NM begins public meetings on flaring rules
SUSAN MONTOYA BRYAN
New Mexico oil and gas regulators on Jan. 4 kicked off a public hearing on proposed rules for managing venting and flaring by the industry, as environmentalists, residents and some religious leaders said the practices are affecting the environment and resulting in lost royalties and revenues for the state.
Oil and gas revenues underpin the state’s budget, but Democratic Gov. Michelle Lujan Grisham has promised that her administration would adopt some of the toughest rules in the U.S. for cracking down on methane and other emissions. Under the proposal, operators would need to reduce their waste by a fixed amount every year to achieve an ultimate gas capture rate of 98% by December 2026.
Environmentalists are concerned about loopholes, saying the state should prohibit all venting and flaring.
Environmental, financial concernsNicholas King, pastor of a Mennonite church in Carlsbad - one of the southeastern New Mexico cities in the heart of the Permian Basin - told members of the Oil Conservation Commission during the online meeting that people in his community continue to see pollution from the industry and that new drilling permits should not be allowed if operators aren’t following the rules.
“We all dislike more regulations but sometimes they’re necessary,” he said.
Teachers and retired educators also testified that the industry is important for funding New Mexico schools and that capturing more gas rather than venting it could result in millions of dollars more each year that could be funneled to classrooms.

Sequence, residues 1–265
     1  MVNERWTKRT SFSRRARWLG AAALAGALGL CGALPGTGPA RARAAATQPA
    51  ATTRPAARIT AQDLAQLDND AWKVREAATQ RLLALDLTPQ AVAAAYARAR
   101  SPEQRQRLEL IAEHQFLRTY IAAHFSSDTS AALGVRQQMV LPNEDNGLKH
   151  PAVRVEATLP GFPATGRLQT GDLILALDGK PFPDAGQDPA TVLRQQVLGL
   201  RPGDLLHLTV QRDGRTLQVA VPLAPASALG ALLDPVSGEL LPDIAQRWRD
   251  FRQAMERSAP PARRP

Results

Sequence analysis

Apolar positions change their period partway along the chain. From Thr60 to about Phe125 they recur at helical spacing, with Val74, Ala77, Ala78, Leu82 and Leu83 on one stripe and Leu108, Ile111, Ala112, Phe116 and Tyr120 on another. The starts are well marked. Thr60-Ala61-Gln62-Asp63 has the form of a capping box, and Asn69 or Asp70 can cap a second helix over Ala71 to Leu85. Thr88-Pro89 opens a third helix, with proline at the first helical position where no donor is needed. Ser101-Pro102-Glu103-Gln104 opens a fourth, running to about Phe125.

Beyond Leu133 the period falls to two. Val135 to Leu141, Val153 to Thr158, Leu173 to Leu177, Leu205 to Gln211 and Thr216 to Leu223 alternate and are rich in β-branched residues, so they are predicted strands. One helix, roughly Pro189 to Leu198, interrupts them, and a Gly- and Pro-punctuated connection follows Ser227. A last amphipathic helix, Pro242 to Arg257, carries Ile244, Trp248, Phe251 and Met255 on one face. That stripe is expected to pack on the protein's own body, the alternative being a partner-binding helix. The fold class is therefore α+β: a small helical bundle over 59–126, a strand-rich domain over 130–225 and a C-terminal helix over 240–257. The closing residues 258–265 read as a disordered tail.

Others talked about climate change and blamed the industry for more than half of the state’s greenhouse gas emissions.
Democratic state Rep. Joanne Ferrary of Las Cruces echoed concerns about lost revenues and said climate change is affecting agricultural production in the state, particularly in her district in southern New Mexico.
New technology citedRepresentatives of the oil and gas industry have argued that operations already are taking advantage of new technology to reduce emissions. Industry officials were expected to make opening statements Jan. 5 when the hearing continues.
New Mexico’s effort to build a new regulatory system for methane pollution began nearly two years ago and involved a special committee of experts that hosted hours of discussion and technical presentations by scientists, environmentalists and other industry experts.
The rules being considered by the Oil Conservation Commission deal specifically with waste due to venting and flaring in oilfields. Separate rules drafted by the state Environment Department are aimed at oil and gas equipment that emits volatile organic compounds and nitrogen oxides. Officials say regulating these emissions also will result in reducing methane pollution.
The rules under consideration by the commission would prohibit routine venting and flaring and require operators to report emissions at every stage. Those who miss their targets could be prevented from drilling new wells and may face enforcement actions.
Environmentalists said Jan. 4 that enforcement of the rules, if adopted, would be key in holding operators accountable and that the state needs to strengthen its reporting requirements. Some also called for a quicker timetable for the industry to meet the requirements.